Why do we drive away kangaroos?

Kangaroo on the street

Too close to home. Kangaroos hopping through city streets are now as common as they are in the bush. Photo: supplied.

It’s that quintessentially Australian story that never goes away. Like how mice get through non-existent holes in your bedroom wall, why the other half of most country pubs have Chinese restaurants, and why, even if you live less than an hour from Canberra, you should stand in the back paddock, on your toes , waving your hand, to get cell reception.

Kangaroos. It used to be that if you drove slower than normal around the known dangerous times, sunrise and sunset, you were fine. Or if you’ve spent a lot of money on one of those things, you stick it on the front of your car and it makes a noise that only the animals hear and that’s supposed to scare them off the road.

Now they are everywhere. Again, there’s no reason for that when you look at all the greenery that follows the rain – other than the default, that our lives, homes, parks and ourselves have taken over their world.

If you lived outside the city, it was once clear which parts of the road were more likely to jump on you, where you had to slow down, and where you could speed up again in reasonable safety.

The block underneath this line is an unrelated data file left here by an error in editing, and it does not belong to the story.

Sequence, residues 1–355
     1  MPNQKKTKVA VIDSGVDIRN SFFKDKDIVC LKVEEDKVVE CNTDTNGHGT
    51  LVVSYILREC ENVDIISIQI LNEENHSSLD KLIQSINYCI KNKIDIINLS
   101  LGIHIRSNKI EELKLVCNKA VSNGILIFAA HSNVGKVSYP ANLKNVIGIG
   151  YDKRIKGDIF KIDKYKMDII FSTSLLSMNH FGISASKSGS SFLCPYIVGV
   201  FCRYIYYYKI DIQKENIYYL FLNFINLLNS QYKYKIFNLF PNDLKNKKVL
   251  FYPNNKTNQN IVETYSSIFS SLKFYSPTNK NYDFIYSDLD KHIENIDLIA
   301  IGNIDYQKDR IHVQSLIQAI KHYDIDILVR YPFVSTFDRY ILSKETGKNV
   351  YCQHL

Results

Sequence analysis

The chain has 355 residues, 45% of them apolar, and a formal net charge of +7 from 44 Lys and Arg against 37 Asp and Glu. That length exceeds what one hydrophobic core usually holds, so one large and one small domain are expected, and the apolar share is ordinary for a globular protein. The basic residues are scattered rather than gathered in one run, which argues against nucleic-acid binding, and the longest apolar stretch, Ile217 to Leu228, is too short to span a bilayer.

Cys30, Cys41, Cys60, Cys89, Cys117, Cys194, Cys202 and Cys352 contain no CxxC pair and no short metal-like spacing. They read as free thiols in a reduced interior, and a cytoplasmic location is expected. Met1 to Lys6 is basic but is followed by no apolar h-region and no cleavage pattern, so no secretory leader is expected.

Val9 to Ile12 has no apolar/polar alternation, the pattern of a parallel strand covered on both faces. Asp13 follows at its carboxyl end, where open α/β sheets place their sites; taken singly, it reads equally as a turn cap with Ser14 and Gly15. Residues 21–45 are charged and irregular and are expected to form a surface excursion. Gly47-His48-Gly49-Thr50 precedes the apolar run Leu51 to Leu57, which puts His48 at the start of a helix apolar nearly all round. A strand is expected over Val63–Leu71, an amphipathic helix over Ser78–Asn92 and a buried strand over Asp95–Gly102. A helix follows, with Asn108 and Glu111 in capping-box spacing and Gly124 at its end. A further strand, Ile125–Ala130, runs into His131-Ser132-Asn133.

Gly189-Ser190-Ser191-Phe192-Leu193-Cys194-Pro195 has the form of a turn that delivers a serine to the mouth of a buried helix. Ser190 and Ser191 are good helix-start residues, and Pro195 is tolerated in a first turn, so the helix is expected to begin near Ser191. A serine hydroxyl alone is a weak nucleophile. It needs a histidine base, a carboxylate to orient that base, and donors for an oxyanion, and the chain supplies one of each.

Has anyone else noticed that there are so many more now? If people start talking about culls again, or if an automaker brags about some early warning device they’ll be testing in the city soon, they’re certainly missing the point.

We are where they used to be. Free, just like very large birds.

So the debate flares up again with that word that divides us. Roomy.

Shooting any animal unless it is in immeasurable pain is horrible – but so is hitting it flat out and seeing the look on their face as they bounce off your car.

A memory that will never go away was when I was driving to work early one morning and as I turned the corner I saw a guy standing in the middle of the road. He was standing next to a young fellow monkey who had his head up, but all other parts of it had fallen in a heap.

The look on the guy’s face said it all. He waited for me to come by so he could put the animal out of its misery. I heard the shot as I turned the next corner.

One year I hit twice in almost as many months. Both times I found myself on a road that I knew so well that I could have built it. Both times I had one of those little things making noises on the front of the car, both times I even thought about not swerving or braking as they tell you, but both times I hit the animal. The first time I killed it. The second time I hit him, he jumped lame into the bushes. We looked for it for about an hour but couldn’t find it. The people who came out later, the wildlife rescuers couldn’t either.

Good citizens, whether farmers, teachers (or both), respect animals and want only the best for them. If they starve and move closer to human-populated areas, we all suffer.

Shoot them? Make them infertile? Move them further? Who knows?

The only thing that is clear in this mind is the look on the animal’s face and the feeling in the human’s heart when it all gets too close.

Original article published by Sally Hopman on Riotact.